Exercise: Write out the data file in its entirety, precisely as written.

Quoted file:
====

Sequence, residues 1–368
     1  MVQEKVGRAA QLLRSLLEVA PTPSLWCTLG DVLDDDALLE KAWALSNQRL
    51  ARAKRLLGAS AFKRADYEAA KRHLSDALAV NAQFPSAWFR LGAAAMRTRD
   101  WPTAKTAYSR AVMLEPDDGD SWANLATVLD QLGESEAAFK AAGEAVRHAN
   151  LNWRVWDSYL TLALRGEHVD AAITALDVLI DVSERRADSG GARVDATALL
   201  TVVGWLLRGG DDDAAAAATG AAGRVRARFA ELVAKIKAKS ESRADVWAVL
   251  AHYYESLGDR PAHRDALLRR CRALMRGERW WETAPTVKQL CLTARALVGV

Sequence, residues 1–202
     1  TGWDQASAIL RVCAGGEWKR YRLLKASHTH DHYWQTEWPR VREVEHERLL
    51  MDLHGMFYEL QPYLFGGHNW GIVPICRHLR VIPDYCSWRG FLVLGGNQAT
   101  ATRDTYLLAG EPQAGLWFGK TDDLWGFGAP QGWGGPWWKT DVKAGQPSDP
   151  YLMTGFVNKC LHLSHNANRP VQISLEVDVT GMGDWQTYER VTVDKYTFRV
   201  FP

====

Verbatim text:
Sequence, residues 1–368
     1  MVQEKVGRAA QLLRSLLEVA PTPSLWCTLG DVLDDDALLE KAWALSNQRL
    51  ARAKRLLGAS AFKRADYEAA KRHLSDALAV NAQFPSAWFR LGAAAMRTRD
   101  WPTAKTAYSR AVMLEPDDGD SWANLATVLD QLGESEAAFK AAGEAVRHAN
   151  LNWRVWDSYL TLALRGEHVD AAITALDVLI DVSERRADSG GARVDATALL
   201  TVVGWLLRGG DDDAAAAATG AAGRVRARFA ELVAKIKAKS ESRADVWAVL
   251  AHYYESLGDR PAHRDALLRR CRALMRGERW WETAPTVKQL CLTARALVGV

Sequence, residues 1–202
     1  TGWDQASAIL RVCAGGEWKR YRLLKASHTH DHYWQTEWPR VREVEHERLL
    51  MDLHGMFYEL QPYLFGGHNW GIVPICRHLR VIPDYCSWRG FLVLGGNQAT
   101  ATRDTYLLAG EPQAGLWFGK TDDLWGFGAP QGWGGPWWKT DVKAGQPSDP
   151  YLMTGFVNKC LHLSHNANRP VQISLEVDVT GMGDWQTYER VTVDKYTFRV
   201  FP